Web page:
Hi-Fi and High-End audio equipment is becoming more expensive all over the world, and has been for quite some time. Everywhere, seasoned audiophiles look with bewilderment at the increasing demands of manufacturers every year. So why did the price tag on what were once relatively affordable components and speaker systems fly off into space and have no intention of returning to Earth?
Experienced audiophiles still remember the most popular categories of Hi-Fi equipment in the 1990s – amplifiers, CD players and speaker systems for $500. Anything that cost more than $1,000 was already perceived as a very serious piece of equipment, not accessible to everyone, and people even became legendary about more expensive models.
It is noteworthy that the assortment of some brands still contains the same models of speaker systems and components that were produced under the same names 20 years ago, but today they cost (albeit in updated versions) 2.5-3 times more expensive. Of course, we cannot discount inflation and rising production costs, but they can be responsible for a maximum of 100% of the rise in prices, but not 300%.
However, if the rise in price of budget equipment can still be somehow accepted, even if not completely, then in the High End sector something simply unimaginable is happening. For some items, price increases are up to 1000% and are not going to stop. It is impossible to believe that the cost of producing speaker systems costing 10,000 euros has increased tenfold in 10 years. What caused this growth, and can we hope for a change in the trend?
There are several main reasons for such a steady and sharp rise in the price of High End. The first, and most obvious, is an increase in the amount of free money in the world and, as a consequence, an increase in effective demand. This may not be obvious to everyone, especially those of us who live on one salary, but the constant increase in wealth in the world is an indisputable fact, and it leads to the fact that the same product can be sold for much more today. None of the producers will refuse additional profits.
This is also evidenced by the constant increase in the number of manufacturers of expensive audio equipment; just look at the list of participants in specialized exhibitions. Both in Munich and at other venues, especially in Asia, the number of exhibitors has grown significantly, and if the budget home audio segment is really shrinking, the choice of exotic components with a price of many tens and even hundreds of thousands of dollars or euros is only expanding.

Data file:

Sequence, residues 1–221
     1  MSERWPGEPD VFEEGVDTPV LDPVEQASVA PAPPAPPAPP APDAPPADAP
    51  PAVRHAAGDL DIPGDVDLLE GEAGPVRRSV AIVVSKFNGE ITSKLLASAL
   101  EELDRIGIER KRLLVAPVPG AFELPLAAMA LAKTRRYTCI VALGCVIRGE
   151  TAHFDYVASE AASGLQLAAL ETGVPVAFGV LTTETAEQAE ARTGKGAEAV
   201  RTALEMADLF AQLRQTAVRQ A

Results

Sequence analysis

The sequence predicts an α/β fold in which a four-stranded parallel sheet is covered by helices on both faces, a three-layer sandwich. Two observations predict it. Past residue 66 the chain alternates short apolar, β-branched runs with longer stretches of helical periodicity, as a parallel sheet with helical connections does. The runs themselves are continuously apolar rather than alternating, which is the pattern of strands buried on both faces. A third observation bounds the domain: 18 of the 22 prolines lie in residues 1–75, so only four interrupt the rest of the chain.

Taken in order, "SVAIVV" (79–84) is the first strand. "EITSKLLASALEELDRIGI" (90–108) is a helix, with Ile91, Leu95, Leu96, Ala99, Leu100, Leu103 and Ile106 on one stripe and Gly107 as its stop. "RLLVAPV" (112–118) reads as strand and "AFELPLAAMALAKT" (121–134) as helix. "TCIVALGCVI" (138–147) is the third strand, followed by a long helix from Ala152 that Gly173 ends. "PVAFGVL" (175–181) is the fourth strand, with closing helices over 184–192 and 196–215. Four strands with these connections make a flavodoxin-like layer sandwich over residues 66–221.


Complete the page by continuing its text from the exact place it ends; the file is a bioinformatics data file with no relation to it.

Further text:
Moreover, many traditional participants in the High End market correctly assessed the opening prospects and simply raised the price tag on their models without any regard for inflation. One of the famous British manufacturers of speaker systems – this was about ten years ago – simply quadrupled the cost of its top-end speakers. And he answered all the puzzled questions of Western journalists with utmost frankness: “I have a certain standard of living that I need to maintain.”
Another reason for rising prices is, oddly enough, the dominance of inexpensive wireless speakers, sound bars and headphones. In fact, this type of audio device has gradually occupied the niche of Hi-Fi and budget home theaters, offering customers good sound and modern functionality. Many of the traditional quality audio manufacturers have tried to compete with them – and failed. Since competing on price turned out to be futile, the natural solution is to migrate towards high-margin goods, where you can continue to earn the same money despite an actual reduction in sales.
Is there any hope for the situation to improve? Yes, albeit a small one. An example is the market for televisions, as well as portable audio, which today is largely controlled by manufacturers of televisions, headphones, Hi-Res players and amplifiers from the Middle Kingdom. Of course, the size of this market is much larger than the market for traditional audio components, but nothing prevents Chinese Hi-Fi manufacturers from repeating the success of their colleagues. Moreover, they are already actively and very successfully working towards creating exclusive amplifiers, vinyl players and speaker systems, while the prices for their products are 2-3 times lower than those of Western brands with comparable quality.
On the other hand, if they manage to impose competition on Western brands in all categories of audio equipment, then the latter will have no choice but to raise their prices even more. And all the components produced in Europe, the USA and Japan will finally move into the category of exclusive goods for super-rich buyers, turning into the Ferrari and Rolls-Royce of the audio market.